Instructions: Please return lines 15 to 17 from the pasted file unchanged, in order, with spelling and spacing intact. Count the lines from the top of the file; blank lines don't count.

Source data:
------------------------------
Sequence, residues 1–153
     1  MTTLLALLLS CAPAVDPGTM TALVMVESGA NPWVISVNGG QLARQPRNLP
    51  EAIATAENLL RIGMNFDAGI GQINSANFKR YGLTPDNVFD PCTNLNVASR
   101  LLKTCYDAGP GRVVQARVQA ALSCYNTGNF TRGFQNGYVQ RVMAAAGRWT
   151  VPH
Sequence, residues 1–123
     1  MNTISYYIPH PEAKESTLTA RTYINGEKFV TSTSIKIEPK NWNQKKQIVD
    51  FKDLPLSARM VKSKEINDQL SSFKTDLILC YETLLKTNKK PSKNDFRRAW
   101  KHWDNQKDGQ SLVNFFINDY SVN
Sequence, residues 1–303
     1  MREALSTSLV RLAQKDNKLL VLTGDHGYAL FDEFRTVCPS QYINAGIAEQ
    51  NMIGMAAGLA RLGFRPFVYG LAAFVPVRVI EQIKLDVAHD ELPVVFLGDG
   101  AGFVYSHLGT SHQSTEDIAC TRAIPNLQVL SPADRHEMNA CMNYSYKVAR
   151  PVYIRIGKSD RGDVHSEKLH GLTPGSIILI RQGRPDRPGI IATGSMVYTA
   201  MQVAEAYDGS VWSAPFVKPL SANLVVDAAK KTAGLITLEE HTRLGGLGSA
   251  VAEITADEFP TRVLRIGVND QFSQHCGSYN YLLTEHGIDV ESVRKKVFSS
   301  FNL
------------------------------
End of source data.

   201  MQVAEAYDGS VWSAPFVKPL SANLVVDAAK KTAGLITLEE HTRLGGLGSA
   251  VAEITADEFP TRVLRIGVND QFSQHCGSYN YLLTEHGIDV ESVRKKVFSS
   301  FNL